In-Plenum Sound Masking

Notes on In-Plenum Sound Masking:

what is sound masking?

what is sound masking?

In-Plenum Sound Masking is installed above your drop ceiling in the “Plenum” area. This means that the sound masking reflects up towards the deck and filters through the drop-ceiling area.

The plenum is the space between a “dropped” ceiling and the upper deck for the floor. In-Plenum sound masking systems, which employ a network of loud speakers located completely within the plenum, were the first such systems developed – they have been in use since the 1960’s. Plenum-based speakers typically range from 4” to 10” inches in diameter and generally face upwards, towards the upper deck. This is done to reflect sound from the speakers to broaden, as much as possible, the footprint from the speaker in the work area.

The actual pattern of the received acoustic energy in the workspace from speakers in the plenum is complicated by a number of factors, all of which cause spatial variability in the sound masking field in the workspace. First, because loud speakers actually radiate in all directions, some energy at low frequencies is radiated downwards. Thus some sound variability occurs directly below the speakers. Second, dropped ceilings have a wide range of acoustical “transparency” or transmission loss (their degree of sound penetration directly to the space below). Some common lightweight office ceilings tiles, particularly those made of fiberglass, have a high degree of transparency, which increases sound variability below the speakers. Third, the plenum is acoustically complicated by the presence of HVAC ducts, large beams and other structural members which act to “compartmentalize” the masking sound and cause scattering and reflections. This scattered sound can also cause spatial variability. Fourth, when less transparent acoustical tiles, e.g. mineral fiber tiles, are used, a reverberant acoustic build-up occurs in the plenum that can cause significant “overflow” from the intended treated space, e.g. an open plan office, into spaces where sound masking may not be needed or wanted, e.g. private offices or conference rooms. Finally, when the plenum is used as a vehicle for return-air for the HVAC system, the ceiling necessarily has vents or open-air returns. If these returns are untreated, they will act as direct transmitters of the acoustic field from the plenum to the office area and create additional variability.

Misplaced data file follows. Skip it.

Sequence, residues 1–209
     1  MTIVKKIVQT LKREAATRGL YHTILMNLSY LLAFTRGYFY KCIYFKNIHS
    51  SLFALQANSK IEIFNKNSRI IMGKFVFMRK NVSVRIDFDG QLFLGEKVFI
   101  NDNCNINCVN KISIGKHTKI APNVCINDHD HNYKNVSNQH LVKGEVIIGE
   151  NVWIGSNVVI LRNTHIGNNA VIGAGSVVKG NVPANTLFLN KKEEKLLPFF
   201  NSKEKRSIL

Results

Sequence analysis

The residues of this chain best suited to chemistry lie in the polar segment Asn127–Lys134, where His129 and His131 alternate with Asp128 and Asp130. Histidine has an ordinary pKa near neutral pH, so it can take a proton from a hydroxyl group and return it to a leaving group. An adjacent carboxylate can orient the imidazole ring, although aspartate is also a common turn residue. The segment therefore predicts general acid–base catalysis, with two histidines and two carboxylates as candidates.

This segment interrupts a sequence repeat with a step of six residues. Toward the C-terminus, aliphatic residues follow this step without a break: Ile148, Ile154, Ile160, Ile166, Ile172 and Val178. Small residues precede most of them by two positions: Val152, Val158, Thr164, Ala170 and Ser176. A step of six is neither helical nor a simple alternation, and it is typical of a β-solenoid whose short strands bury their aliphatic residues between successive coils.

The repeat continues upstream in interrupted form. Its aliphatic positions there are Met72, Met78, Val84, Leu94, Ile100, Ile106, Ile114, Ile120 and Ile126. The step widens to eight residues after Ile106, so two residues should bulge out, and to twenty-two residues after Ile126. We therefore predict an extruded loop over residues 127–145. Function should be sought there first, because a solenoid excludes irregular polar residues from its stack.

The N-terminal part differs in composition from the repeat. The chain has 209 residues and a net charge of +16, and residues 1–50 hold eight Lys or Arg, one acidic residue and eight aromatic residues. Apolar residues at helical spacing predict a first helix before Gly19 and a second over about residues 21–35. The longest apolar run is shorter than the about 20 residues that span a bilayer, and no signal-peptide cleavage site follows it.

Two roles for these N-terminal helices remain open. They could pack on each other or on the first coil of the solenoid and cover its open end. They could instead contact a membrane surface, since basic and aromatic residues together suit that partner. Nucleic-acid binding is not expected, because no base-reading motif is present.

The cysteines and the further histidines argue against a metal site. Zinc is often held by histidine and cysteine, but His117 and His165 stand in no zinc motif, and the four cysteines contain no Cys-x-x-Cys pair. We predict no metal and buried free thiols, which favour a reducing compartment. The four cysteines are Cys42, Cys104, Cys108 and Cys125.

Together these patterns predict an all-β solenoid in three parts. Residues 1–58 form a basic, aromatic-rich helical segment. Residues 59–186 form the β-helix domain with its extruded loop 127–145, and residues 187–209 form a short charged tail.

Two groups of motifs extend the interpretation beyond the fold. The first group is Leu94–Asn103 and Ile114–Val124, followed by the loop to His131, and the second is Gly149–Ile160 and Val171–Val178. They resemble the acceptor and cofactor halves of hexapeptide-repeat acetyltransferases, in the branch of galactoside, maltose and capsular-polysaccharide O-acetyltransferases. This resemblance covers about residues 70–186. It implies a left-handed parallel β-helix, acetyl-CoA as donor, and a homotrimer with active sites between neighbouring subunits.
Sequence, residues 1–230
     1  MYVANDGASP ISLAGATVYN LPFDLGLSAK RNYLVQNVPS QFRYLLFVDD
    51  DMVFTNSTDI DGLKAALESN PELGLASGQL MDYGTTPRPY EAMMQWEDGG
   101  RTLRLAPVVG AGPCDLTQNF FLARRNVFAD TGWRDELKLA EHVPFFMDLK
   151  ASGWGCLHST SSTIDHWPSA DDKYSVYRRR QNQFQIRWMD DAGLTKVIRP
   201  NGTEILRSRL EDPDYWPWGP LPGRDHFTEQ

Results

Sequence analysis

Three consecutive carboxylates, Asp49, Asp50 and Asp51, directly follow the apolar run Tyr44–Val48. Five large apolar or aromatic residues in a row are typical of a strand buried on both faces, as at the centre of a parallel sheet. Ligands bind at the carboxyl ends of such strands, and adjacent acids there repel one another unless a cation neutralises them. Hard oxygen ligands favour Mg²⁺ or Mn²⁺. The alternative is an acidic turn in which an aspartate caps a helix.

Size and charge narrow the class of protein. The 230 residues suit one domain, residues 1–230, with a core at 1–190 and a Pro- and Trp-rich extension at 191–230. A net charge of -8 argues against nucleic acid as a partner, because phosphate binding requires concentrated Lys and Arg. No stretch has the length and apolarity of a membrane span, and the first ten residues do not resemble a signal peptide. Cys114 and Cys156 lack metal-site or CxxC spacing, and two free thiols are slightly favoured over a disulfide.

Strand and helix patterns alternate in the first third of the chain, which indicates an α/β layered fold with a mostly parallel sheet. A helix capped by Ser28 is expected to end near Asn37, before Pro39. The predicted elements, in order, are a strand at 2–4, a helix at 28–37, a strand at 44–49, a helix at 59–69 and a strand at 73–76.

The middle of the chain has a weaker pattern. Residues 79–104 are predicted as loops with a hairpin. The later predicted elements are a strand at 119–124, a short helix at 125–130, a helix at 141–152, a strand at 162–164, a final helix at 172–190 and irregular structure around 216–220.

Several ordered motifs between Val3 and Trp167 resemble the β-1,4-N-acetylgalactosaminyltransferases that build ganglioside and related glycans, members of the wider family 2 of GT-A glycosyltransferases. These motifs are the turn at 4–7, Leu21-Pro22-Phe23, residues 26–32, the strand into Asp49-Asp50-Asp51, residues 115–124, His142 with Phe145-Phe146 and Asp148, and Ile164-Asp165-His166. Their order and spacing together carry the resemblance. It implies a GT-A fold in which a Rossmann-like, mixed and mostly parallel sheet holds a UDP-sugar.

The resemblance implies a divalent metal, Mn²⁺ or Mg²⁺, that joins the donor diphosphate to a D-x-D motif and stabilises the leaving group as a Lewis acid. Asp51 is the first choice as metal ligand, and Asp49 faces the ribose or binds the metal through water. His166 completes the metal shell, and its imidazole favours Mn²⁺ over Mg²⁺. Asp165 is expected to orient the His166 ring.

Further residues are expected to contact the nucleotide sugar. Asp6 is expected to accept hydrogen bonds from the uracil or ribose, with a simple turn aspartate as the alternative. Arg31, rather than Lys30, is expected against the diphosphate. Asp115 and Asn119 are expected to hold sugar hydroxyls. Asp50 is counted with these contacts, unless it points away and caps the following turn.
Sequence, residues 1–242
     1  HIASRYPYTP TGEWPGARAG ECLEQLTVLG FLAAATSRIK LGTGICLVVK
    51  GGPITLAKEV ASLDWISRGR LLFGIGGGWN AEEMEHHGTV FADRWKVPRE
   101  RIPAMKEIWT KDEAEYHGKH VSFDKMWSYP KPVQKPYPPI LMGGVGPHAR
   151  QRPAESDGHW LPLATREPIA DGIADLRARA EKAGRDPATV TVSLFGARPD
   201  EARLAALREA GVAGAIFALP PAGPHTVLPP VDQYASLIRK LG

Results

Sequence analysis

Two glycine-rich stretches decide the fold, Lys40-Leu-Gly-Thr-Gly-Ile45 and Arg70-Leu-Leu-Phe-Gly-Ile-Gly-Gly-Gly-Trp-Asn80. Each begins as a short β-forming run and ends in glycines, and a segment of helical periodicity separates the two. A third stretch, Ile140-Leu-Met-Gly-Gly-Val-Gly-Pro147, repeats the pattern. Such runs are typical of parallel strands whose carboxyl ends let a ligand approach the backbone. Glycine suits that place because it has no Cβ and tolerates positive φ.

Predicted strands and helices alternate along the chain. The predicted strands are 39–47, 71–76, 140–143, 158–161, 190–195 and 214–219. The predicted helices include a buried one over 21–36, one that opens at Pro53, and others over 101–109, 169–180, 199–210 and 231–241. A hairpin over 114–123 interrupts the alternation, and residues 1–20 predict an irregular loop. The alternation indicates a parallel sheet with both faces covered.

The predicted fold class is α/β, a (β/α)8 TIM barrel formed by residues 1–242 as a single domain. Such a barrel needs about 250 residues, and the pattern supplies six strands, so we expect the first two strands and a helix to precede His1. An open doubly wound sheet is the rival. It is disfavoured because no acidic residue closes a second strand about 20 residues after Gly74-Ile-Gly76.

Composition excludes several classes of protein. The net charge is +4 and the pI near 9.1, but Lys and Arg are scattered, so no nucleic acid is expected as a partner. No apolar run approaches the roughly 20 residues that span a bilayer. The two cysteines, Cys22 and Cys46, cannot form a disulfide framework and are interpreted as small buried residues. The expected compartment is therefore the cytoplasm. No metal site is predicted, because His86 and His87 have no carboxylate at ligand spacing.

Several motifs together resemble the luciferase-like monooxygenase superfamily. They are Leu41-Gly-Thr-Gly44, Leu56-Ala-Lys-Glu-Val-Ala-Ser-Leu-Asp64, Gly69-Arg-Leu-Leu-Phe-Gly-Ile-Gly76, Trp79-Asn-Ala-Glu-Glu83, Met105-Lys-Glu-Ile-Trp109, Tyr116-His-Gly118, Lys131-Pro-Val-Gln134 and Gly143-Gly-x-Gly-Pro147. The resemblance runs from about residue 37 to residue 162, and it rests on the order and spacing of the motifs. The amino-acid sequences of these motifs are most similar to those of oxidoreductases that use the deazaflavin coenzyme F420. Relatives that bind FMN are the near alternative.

Treating the open-air returns is straightforward, but does add cost to the installation. Properly tuned and adjusted, plenum-based systems, when used in conjunction with treated open-air returns, have been shown to provide uniformity within many target sound masked spaces. Uniformity can be achieved achieved by adjusting the acoustic output of individual or small groups of speakers. Adjustments routinely include changes in output volume and output spectra of individual speakers. To provide this adjustment capability, additional system electronics for individual speakers or for small groups of speakers are required.

When In-Plenum Systems Fall Short
In comparison, competing plenum-based (indirect) sound masking systems use speakers above the ceiling to project sound upwards.
Obstructions in the plenum (above the ceiling), like beams and HVAC components, affect how and where the sound filters back into the

workspace. The result is an inconsistent and unpredictable sound field that requires tedious tuning to achieve even coverage

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